Christmas and Heritage

by blackspanielgallery

Santa Claus or a similar figure can be found in many countries, but differences exist. Having one of these to represent your heritage can be a wonderful family tradition.

In the United States our ancestors have come from many places, and for a variety of reasons. In this article I will concentrate on European Christmas, with a strong emphasis on Western Europe, as a group of heritages to be incorporated into our Christmas celebrations.

People often identify with their roots, the customs and traditions of their ancestors. There are many things we can consider, but for the sake of having a reasonable length article I will concentrate on the Santa Claus figure, albeit by many names.

Having a Santa Claus, or whatever he is called in your heritage, that represents your family history is an excellent way to keep the customs of your ancestors present today.

Of course, different food is important, such as the seven fishes dinner of Sicily, or the bringing food and drink to the poor as the Normans do, are important, and can also be considered. And inclusions of santons in Nativity displays might be a practice worth repeating. To properly handle these would require a multitude of articles.

Special Christmas Ornaments

Special Christmas ornaments depicting cities or countries are easily found, some nice and some too cluttered.  I find a gondola ornament representing Venice, Italy, nice, but a cityscape with several buildings forming a collage of mismatched pieces of a city too busy.  I show some of these in other articles that are listed here.


Nativity sets are popular during the Christmas season, but adding santons is unique to just a few places. It is a practice well worth considering.

Santa Claus

Santa Claus is the name known in the United States.  The characteristics of Santa Claus are a white-haired, bearded man of ample girth, with a jolly disposition who delivers gifts.  While the physical appearance of Santa Claus looks nothing like the image I found of the real Saint Nicholas, perhaps the generous nature of Santa Clause, and his joyful nature, give rise to the association with the saint.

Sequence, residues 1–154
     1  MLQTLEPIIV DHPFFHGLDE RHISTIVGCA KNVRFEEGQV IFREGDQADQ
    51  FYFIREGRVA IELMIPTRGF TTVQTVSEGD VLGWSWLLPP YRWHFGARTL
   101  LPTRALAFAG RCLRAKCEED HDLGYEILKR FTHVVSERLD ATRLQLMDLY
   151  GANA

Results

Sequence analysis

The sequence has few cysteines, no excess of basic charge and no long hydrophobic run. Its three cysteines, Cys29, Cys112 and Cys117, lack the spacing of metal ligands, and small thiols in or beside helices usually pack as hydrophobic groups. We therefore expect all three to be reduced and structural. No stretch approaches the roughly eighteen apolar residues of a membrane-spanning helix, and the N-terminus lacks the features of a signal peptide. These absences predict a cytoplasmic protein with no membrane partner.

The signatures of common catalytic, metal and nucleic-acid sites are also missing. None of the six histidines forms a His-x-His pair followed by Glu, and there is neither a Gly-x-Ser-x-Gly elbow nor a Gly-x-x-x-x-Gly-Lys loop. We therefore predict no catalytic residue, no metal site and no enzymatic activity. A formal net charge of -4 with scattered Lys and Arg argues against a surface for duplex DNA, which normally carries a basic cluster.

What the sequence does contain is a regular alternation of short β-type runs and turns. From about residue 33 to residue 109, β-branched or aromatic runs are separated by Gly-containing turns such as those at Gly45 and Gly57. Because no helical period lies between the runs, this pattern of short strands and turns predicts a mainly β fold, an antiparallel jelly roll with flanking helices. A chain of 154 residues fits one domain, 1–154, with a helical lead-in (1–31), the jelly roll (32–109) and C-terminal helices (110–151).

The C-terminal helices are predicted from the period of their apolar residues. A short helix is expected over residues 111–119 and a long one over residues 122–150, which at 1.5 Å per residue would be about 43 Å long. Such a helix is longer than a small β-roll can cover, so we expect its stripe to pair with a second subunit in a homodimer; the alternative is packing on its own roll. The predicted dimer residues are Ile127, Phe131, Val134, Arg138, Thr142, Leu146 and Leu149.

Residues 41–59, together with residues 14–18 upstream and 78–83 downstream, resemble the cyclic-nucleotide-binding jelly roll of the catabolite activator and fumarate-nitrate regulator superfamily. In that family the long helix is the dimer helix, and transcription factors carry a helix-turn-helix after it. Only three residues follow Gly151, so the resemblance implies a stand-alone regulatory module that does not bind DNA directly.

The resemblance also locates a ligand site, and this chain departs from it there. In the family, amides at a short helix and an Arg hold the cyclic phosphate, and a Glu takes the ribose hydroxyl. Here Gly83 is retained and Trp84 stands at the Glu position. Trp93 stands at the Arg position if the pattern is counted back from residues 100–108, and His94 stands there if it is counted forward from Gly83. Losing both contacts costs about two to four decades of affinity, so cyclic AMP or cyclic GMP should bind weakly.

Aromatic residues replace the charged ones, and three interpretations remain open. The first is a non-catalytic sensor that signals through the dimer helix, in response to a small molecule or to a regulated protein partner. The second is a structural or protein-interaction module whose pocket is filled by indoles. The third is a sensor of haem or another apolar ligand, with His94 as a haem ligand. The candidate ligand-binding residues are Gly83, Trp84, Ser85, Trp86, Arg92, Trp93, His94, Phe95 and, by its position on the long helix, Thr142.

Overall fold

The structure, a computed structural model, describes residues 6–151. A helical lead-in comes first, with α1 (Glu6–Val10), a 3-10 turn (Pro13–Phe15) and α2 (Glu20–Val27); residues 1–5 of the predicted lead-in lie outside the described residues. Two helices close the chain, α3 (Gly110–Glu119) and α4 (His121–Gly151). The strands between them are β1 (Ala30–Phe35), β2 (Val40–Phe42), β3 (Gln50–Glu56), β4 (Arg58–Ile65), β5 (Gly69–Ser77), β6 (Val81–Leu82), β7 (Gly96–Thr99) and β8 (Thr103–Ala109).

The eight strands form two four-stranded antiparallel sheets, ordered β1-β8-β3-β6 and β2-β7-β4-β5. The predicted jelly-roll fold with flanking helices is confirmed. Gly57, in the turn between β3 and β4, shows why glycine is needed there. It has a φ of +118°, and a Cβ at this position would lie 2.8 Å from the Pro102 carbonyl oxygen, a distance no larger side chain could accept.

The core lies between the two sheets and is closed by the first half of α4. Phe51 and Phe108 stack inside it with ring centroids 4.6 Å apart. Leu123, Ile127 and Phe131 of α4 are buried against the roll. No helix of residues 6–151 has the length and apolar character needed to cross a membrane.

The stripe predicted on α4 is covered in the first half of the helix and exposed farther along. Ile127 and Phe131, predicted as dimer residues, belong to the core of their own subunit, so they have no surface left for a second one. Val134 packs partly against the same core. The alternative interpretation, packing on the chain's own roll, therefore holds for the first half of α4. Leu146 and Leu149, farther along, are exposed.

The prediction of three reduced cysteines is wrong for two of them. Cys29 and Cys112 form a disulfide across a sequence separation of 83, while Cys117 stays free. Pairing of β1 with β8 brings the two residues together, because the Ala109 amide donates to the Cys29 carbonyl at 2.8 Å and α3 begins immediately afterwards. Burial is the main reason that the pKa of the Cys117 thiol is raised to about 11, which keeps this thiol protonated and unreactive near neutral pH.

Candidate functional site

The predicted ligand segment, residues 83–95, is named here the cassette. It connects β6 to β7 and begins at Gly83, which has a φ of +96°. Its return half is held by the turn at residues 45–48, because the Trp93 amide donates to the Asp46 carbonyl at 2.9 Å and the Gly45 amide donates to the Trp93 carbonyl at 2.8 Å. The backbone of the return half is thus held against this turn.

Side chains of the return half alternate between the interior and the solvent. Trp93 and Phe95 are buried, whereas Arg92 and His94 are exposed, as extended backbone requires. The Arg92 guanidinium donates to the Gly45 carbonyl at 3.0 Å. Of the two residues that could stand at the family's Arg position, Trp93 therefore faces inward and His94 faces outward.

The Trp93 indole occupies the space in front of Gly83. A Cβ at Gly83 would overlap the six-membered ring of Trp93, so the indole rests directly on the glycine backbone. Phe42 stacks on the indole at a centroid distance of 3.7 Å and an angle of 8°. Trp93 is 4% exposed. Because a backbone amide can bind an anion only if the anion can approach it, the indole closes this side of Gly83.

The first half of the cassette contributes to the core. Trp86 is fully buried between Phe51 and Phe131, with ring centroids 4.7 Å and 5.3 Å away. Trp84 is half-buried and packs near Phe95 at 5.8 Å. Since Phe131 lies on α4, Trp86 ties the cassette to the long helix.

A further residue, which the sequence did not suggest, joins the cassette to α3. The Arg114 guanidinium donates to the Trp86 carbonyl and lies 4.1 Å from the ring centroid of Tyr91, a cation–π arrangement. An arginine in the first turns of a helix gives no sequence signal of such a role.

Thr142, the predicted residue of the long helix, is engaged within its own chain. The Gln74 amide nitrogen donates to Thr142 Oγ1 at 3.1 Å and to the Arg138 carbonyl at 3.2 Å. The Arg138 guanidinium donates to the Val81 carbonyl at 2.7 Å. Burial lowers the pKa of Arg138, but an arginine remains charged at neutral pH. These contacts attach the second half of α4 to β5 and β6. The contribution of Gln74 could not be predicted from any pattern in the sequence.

Father Christmas

Many in the United States descend from people who fled England, Scotland, and Ireland to avoid famine or religious persecution.  While those ancestors may not have liked the government of their day, they would have had no problem with Father Christmas.  Father Christmas has a very similar to Santa Claus, but also can be found wearing green. 

Christmas Traditions of england

Christmas is celebrated in many countries, each with its own cultural influence. Christmas in England is fascinating, since many American traditions have similarities to them.

Pere Noel

While Pere Noel might translate Father Christmas, the figure is more slender than Santa Claus.  Pere Noel is also the Santa figure in France.  He is also the Santa figure in other areas with French influence.


Many in the United States have family roots from France.  France once owned Louisiana when it was much larger than today and went from the Gulf of Mexico to Canada.


French Christmas Traditions

The French Christmas celebration is different, and includes perhaps the most lavish meal compared with Christmas meals elsewhere. Another difference includes using santons.

Sinter Klaas

In Switzerland, the Netherlands, and Belgium, Sinter Klaas, wearing red and riding a horse gives out gifts.  He is clad in red, and has a wavy white beard.  He wears a bishop’s miter, and represents Saint Nicholas.  In the Netherlands the figure is also the same. 


It is also possible to find white and some blue in the part of his clothing that shows from beneath the red coat.


Santa Claus in Germany is called Weihnachtmann.  He is decked out in red trimmed with white.  Weihnachtmann has a sack of gifts, and he can be depicted as carrying a Christmas tree.  He has a full, white beard, and is not too dissimilar from Santa Claus. 

Immigrants from Germany to the United States included some of my ancestors, who arrived in the mid-nineteenth century.  Actually, my ancestors are from Bavaria, Germany, but at the time they immigrated the country from which they came was Prussia.

Christmas Traditions Germany and Austria

Germany and Austria have very rich Christmas traditions. Germany has given the world the Christmas tree, and many Christmas carols, while Austria has given us Silent Night.

Babbo Natale

In Italy the Santa Claus figure is Babbo Natale, and he resembles Santa Claus.  He can have decorative trim on his red outfit.  He does not magically fly, even with reindeer, but some years back the character Dominic the Donkey was invented as a means of helping Babbo Natale up steep mountains so he can reach the children at higher elevations.

Italian Christmas Traditions

Like other European countries, there are ways in which Christmas is celebrated in Italy. And Italy has many picturesque structures that have inspired beautiful Christmas ornaments.

The Magi

Spain does not have a distinctive Santa figure, but instead uses the three members of the Magi as gift givers.


There are others, but these cover many larger countries, especially those that helped populate the United States.

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Updated: 11/07/2020, blackspanielgallery
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blackspanielgallery on 11/24/2020

I do not know if there was a particular drink, but I recall Rick Steves showing the distribution in his video, and I believe it was wine. The Normans include the Vikings, and their customs are different, perhaps originating in their homeland. Yes, they became French, but they d have some older customs.

DerdriuMarriner on 11/24/2020

Do we know what particular drink the Normans had to the poor?

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